Responding to comments made by Chancellor George Osborne in today’s budget, the company’s global chief investment officer, Andrew Kirton, said there was a ‘strong case’ for pension funds to become more involved in ‘good quality’ infrastructure projects.
‘However, we need to see more detail on the platform being developed following the Government's consultation in this area before we can say whether it will be a suitable investment opportunity for our clients.’
Zoe Lynch, partner at Sacker and Partners LLP, said the infrastructure programme was ‘interesting’, given a number of UK pension schemes had already expressed an interest in the area.
But, she said schemes would ‘wait and see’ whether the plans announced by Mr Osborne to consult on long-term and perpetual gilts were ‘interesting for pension scheme investors’.
Mr Kirton echoed her cautious welcome. He said: ‘The Government has a once in a generation opportunity to borrow on really attractive terms for an extended period. It will be interesting to see whether the consultation will result in investment opportunities suitable for pension funds.’
The lack of changes to pension tax relief in the Budget was welcomed by Charles Cowling, managing director of JLT Pension Capital Strategies.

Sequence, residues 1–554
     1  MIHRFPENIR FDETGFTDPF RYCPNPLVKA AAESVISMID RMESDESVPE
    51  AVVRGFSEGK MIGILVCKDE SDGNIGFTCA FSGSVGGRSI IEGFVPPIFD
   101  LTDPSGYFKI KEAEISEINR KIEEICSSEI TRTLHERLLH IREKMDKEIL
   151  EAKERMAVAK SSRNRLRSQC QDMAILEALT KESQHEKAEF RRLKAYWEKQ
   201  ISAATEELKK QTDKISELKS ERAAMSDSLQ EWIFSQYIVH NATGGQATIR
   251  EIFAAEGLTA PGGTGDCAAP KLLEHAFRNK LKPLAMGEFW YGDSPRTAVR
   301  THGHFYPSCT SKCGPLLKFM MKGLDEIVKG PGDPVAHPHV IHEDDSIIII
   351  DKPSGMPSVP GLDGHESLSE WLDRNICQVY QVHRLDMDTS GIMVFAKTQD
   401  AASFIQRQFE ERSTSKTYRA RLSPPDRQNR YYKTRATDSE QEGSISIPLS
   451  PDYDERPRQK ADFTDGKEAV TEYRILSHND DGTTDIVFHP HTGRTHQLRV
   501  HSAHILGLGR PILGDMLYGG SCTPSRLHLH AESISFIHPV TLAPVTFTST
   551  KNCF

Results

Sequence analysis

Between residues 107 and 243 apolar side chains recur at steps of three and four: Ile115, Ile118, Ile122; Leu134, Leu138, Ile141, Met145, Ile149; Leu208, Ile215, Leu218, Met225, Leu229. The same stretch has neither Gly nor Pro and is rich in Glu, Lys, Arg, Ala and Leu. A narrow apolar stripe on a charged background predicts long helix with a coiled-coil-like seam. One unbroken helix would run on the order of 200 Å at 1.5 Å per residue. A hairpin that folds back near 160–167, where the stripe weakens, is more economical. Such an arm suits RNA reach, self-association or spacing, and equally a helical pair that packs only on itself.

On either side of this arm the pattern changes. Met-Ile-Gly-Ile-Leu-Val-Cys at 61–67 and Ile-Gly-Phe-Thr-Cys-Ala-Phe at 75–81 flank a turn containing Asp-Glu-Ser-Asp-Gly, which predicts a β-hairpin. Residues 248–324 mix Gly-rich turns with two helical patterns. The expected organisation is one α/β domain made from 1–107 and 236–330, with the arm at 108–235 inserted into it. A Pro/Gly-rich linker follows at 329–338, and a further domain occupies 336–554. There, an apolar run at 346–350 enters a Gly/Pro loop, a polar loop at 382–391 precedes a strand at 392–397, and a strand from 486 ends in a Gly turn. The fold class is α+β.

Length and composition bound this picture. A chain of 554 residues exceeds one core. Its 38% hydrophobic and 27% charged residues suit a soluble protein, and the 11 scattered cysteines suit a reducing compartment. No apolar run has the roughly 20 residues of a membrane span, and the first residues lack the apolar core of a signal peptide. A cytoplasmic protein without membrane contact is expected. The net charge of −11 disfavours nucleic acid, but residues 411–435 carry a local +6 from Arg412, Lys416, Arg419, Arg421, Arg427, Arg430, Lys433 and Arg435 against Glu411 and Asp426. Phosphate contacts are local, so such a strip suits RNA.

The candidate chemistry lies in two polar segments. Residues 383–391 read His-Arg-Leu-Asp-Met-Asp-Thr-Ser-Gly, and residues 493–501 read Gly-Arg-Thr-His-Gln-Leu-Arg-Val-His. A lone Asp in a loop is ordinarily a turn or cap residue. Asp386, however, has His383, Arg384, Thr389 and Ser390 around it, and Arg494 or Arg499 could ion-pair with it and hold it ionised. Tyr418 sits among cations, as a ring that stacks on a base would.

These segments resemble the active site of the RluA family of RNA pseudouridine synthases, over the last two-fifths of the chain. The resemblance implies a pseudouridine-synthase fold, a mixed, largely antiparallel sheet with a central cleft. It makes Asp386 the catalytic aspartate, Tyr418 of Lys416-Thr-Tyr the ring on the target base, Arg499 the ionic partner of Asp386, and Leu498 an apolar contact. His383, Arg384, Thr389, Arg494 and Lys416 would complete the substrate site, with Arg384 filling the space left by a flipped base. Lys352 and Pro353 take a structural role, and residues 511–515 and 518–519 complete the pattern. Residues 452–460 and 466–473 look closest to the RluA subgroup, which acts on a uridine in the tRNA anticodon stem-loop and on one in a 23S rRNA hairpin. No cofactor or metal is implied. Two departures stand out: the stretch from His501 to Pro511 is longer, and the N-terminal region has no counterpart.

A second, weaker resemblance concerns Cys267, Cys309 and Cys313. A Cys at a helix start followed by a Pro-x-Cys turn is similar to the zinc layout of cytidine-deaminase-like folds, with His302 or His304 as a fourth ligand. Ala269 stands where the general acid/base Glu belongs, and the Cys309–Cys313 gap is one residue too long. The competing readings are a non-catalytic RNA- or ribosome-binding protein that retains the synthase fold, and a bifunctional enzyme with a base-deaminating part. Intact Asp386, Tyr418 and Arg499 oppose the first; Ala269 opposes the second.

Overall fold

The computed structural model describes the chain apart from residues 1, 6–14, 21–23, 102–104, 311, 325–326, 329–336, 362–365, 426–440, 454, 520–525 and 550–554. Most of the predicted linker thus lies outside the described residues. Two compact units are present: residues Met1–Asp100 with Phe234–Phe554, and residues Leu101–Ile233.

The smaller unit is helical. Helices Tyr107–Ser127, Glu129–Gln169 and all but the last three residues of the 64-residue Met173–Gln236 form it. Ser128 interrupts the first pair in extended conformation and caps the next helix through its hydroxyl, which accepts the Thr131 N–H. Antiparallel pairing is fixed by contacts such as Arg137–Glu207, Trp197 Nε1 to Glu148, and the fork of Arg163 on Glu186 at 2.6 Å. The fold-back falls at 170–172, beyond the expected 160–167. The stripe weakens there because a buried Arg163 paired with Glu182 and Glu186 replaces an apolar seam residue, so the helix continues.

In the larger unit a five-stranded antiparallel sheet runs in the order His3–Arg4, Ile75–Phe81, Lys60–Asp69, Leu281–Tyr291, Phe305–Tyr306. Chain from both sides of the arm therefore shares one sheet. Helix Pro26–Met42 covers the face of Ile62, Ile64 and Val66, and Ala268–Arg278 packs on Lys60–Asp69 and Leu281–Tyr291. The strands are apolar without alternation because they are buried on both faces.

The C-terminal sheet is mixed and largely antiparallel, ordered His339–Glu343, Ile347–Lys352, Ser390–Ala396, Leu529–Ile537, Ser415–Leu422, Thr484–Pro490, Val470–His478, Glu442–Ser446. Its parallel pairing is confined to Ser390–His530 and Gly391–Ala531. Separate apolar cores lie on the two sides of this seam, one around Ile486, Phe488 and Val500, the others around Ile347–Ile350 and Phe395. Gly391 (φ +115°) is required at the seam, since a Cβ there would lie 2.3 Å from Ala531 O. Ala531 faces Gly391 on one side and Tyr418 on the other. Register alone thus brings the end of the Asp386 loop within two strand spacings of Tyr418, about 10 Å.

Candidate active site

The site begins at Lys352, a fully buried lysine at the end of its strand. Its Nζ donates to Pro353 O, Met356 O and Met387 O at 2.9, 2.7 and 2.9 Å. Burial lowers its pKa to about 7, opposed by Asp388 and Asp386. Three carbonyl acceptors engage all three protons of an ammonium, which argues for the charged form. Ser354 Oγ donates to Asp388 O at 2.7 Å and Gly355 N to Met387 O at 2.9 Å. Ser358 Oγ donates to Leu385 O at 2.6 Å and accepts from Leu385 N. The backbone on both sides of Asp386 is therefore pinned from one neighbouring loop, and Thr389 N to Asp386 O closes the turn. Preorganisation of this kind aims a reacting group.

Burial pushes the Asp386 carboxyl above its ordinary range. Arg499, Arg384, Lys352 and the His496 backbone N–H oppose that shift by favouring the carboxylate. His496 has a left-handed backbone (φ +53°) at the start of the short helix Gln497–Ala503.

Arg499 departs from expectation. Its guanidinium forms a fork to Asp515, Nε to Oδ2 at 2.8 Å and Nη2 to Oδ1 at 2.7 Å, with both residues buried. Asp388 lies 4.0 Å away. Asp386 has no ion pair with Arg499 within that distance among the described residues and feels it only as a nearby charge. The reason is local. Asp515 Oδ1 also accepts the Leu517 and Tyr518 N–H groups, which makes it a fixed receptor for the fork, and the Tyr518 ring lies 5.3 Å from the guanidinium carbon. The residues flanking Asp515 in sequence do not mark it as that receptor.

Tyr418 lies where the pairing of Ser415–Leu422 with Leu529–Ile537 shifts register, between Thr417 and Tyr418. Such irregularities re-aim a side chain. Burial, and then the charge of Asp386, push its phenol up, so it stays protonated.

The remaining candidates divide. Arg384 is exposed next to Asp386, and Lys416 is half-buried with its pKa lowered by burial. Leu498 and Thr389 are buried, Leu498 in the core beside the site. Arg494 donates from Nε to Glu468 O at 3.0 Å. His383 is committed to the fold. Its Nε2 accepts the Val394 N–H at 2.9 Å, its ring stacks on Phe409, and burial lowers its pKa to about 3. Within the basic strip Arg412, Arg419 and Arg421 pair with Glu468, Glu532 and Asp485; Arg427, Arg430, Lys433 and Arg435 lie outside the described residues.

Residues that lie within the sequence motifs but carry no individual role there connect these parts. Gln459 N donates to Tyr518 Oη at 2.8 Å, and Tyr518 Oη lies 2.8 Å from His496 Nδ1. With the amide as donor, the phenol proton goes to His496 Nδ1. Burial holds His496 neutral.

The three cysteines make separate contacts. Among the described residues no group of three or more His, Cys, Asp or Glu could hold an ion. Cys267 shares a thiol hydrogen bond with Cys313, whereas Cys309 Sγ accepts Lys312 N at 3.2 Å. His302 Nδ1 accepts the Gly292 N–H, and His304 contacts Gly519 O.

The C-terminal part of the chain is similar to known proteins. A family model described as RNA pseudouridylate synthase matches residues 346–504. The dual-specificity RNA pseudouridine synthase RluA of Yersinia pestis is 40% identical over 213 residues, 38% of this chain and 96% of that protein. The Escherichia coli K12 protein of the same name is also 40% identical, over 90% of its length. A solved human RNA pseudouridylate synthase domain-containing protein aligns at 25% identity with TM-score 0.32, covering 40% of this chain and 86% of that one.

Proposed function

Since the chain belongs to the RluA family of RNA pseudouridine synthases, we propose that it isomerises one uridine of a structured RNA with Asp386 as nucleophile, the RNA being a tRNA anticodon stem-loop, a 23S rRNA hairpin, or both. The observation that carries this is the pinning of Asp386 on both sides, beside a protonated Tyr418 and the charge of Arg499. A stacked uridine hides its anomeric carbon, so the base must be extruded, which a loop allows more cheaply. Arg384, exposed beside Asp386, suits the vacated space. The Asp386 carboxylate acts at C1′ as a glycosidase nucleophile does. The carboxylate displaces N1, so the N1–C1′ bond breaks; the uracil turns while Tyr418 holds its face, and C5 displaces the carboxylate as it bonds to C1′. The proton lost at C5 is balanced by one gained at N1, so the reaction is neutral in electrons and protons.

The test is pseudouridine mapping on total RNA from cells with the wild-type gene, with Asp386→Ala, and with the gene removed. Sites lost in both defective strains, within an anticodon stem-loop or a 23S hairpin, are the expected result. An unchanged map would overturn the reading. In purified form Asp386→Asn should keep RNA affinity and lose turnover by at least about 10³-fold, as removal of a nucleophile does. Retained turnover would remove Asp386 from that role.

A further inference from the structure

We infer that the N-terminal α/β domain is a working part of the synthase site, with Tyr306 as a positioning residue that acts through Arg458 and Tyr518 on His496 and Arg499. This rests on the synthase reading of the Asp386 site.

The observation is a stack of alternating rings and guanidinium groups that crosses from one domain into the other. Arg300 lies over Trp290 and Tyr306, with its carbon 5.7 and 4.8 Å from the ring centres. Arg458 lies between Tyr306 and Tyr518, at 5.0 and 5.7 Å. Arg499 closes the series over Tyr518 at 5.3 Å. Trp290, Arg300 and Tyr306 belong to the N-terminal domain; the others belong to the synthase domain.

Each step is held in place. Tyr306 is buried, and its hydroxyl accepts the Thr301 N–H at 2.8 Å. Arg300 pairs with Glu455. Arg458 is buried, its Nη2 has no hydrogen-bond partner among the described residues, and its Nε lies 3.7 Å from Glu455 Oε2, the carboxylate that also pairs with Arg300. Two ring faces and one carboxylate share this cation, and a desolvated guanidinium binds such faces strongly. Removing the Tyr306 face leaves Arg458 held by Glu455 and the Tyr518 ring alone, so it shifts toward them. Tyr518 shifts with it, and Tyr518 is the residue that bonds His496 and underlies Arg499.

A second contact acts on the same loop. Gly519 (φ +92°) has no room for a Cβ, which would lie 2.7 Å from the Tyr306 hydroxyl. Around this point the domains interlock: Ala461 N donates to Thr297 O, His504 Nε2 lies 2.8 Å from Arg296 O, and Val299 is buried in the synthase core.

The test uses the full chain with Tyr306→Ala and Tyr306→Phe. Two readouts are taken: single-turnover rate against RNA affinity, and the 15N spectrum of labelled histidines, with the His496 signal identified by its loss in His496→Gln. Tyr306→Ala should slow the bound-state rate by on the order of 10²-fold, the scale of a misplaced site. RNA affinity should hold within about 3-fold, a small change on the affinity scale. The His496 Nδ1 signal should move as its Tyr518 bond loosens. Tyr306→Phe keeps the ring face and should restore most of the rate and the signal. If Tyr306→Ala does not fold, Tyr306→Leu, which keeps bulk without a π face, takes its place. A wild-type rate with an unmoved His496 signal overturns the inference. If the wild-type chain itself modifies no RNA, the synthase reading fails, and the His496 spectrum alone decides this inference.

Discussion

‘It is good to see that the Chancellor has resisted tinkering with the Annual Allowance on pension scheme contributions, as to do so would have been madness. Steve Webb continues to impress as Pensions Minister, and overall the Budget gets an eight out of ten for pensions,’ he said.
Mr Cowling also said the move to review the state pension age was ‘positive’ because it indicated ‘sensible management of legacy assets’ and would ‘help secure the future affordability of pensions’.
‘It is also encouraging to see a more simplistic, single tier State Pension being devised, and the end of earnings related pensions is the right move from the Chancellor,’ he added.
IMA Head of Research and Pensions, Jonathan Lipkin also welcomed the commitment to introduce a single state pension, which he said would help to make the pension system ‘simple, predictable and fair’.
‘As we move towards automatic enrolment, this will help to provide a clear foundation for complementary workplace provision,’ he said. ‘However, to make this really work requires further steps.’
‘One of the things we urge the Government to consider is how a combined pension statement that would bring state and private pensions together could be made available to everyone.
‘This could both improve retirement planning, giving individuals greater certainty, and reinforce a culture in which the pension regime is less subject to frequent and counter-productive changes.’